Outsider’s assessments cast an interesting light on the attractions and challenges of the insurance profession
It’s no secret that the insurance industry has been aging for years and is nearing crisis level. According to a study conducted by McKinsey & Company, a worldwide management consulting firm based in New York City, 25% of insurance professionals will retire by 2018. The result will be a serious talent gap if something isn’t done quickly.
One firm is helping to bridge the gap on the retirement end and, in so doing, has garnered some valuable insight that can help others in the industry as they work to attract and hire younger employees.
That firm is WAHVE, or Work At Home Vintage Experts, which was founded in 2010 by long-time agency principal Sharon Emek, Ph.D., CIC. WAHVE was created to allow talented and knowledgeable retiring insurance professionals, from CSRs to agency owners, to stay involved in the business as they work into retirement and to offer experienced workers to insurance industry employers.
Emek says WAHVE “bridges the gap between insurance firms’ staffing needs and seasoned professionals’ work-life balance preferences as they phase into retirement.” She actually uses the term “pretirement” to describe the phase of work WAHVEs are in. As part of the process for becoming a WAHVE, applicants are carefully vetted before being matched with companies in need.
That’s where Sharon’s husband, David (Denny) Gilmore, comes in. Denny, a retired educator, was drafted by his wife to draw upon his unique “outside” perspective to interview and qualify retiring insurance professionals who want to extend their career working from home.
An author of seven books and an experienced interviewer, Gilmore explains, “As a cultural anthropologist and professor, I did learn a thing or two about human nature both from my teaching and my own experiences. Now, I’ve learned a few things aboutthe retiring talent in the insurance industry.”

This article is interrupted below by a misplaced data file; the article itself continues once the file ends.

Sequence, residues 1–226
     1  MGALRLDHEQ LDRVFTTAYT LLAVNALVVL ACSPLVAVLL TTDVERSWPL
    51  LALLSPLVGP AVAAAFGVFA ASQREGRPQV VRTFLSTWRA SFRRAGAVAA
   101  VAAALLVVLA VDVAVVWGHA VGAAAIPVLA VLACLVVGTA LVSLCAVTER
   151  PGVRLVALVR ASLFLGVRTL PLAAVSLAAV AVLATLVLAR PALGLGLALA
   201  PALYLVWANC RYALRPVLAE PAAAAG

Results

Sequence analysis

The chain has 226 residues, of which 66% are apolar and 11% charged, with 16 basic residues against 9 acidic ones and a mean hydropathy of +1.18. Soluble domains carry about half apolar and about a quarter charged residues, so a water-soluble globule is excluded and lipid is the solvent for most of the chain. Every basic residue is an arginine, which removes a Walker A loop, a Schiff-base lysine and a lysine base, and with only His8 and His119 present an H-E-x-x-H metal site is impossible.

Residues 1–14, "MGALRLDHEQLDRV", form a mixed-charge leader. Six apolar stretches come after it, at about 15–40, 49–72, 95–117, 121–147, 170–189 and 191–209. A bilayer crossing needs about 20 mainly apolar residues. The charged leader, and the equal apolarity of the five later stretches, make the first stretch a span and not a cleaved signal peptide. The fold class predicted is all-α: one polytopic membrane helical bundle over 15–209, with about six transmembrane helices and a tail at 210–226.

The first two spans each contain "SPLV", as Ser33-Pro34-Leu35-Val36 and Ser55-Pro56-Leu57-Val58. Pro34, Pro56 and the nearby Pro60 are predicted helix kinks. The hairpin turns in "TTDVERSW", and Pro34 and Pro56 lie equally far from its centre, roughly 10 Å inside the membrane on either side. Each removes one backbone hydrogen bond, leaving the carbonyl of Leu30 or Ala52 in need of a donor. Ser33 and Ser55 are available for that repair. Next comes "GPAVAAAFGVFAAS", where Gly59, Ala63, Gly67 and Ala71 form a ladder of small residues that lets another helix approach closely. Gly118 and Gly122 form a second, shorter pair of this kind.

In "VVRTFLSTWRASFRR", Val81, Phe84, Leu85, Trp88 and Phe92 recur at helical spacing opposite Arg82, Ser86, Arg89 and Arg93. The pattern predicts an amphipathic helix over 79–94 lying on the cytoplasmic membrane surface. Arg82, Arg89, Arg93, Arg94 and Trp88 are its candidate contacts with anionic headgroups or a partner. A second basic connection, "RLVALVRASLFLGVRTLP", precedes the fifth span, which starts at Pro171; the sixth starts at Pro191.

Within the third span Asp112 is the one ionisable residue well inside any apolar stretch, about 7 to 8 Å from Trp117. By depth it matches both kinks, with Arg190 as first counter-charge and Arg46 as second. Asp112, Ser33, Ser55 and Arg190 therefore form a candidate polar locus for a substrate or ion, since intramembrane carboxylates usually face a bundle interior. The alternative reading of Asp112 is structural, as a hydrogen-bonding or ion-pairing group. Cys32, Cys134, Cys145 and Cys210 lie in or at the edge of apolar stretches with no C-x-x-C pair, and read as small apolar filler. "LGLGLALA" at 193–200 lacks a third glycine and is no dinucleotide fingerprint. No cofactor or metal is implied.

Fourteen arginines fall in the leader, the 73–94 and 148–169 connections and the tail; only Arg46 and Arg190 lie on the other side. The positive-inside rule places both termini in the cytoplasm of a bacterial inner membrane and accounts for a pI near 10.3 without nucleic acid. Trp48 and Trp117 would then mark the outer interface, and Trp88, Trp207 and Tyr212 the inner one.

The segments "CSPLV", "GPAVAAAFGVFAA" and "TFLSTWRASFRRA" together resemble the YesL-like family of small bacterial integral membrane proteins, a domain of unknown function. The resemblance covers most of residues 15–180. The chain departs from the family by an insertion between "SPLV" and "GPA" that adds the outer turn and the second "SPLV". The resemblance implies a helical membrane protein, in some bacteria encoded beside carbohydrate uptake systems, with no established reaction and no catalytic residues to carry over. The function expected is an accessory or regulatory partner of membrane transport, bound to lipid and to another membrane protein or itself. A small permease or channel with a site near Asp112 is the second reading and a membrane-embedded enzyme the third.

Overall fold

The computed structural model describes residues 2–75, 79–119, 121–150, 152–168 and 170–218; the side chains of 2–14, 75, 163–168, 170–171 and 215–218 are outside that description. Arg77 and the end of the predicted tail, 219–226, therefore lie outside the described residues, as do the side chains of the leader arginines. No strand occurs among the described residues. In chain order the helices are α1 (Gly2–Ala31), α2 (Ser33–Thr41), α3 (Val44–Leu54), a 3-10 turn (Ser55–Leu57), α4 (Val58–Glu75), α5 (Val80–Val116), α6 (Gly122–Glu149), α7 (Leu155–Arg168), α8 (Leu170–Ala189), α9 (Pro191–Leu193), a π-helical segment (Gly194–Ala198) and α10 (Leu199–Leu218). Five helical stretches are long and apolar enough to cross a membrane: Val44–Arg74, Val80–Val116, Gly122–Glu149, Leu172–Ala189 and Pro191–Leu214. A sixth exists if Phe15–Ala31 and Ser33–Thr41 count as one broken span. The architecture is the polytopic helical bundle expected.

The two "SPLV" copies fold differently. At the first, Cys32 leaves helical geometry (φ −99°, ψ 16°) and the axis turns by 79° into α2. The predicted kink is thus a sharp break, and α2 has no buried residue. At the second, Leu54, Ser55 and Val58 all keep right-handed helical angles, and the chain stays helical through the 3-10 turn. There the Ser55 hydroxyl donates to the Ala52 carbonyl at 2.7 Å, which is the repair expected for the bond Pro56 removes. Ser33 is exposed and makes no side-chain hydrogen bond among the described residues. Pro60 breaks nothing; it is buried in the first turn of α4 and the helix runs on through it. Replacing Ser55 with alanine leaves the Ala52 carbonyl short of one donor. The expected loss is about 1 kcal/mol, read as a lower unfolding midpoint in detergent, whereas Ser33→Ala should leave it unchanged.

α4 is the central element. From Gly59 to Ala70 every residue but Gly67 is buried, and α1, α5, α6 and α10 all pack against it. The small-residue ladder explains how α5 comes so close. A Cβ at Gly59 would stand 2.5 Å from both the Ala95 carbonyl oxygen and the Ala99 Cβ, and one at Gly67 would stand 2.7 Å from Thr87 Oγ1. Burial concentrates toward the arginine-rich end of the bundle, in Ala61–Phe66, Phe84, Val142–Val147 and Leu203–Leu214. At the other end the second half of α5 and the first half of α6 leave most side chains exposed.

As in any sociological project, he observes, “the first task is to formulate the right questions. For example, ‘Why did you decide to retire? Why do you want to work from home? Why do you want to continue working in the insurance industry?’
“Answering these questions might indeed help us understand what is currently happening within this aging industry of ours [the average retiring insurance professional is about 60 years old], and what’s happening within the workforce in the broader sense when it comes to seniors and their work-life balance.”
What has he learned?
Creating a “composite” insurance retiree via the interviewing process, Gilmore found that they plan to retire “because they want to move near their grandchildren; they want to spend half of the year in a warm climate; the commute is killing them; they need to take care of an ailing family member.” But … and here’s the reason for the creation of WAHVE: They still want something productive to do, wherever they end up. But more than that, like the general retiree population, insurance retirees intend to remain active in their communities, but they also hope to be able to “give back” to a profession that has given them as much as they have given it, says Gilmore.
“They are proud of their accumulated knowledge. In their working years, they have learned the ins and outs of insurance. It’s like a second nature. They like the work; it’s challenging. Contrary to the stereotype, they are not bored by insurance. Our applicants enjoy the work; they find it interesting, varied, challenging, engrossing. So much for the popular misrepresentation of insurance as numbingly dull and repetitive.” In addition, if people are reluctant to retire, is this also because of the sense of fulfillment and gratification that they receive?
In this stage of their lives, however, they would prefer to work at home, wherever that is—a much easier task to accomplish with modern-day communication devices.
WAHVE provides them with the vehicle to achieve those goals while helping to relieve the talent gap that the industry has been suffering. By matching firms who are seeking qualified professionals to those “pretirees” who desire to lessen their work loads and achieve more flexibility in their lives, WAHVE relieves the stress of the “seekers” and “transforms how society views retirement.”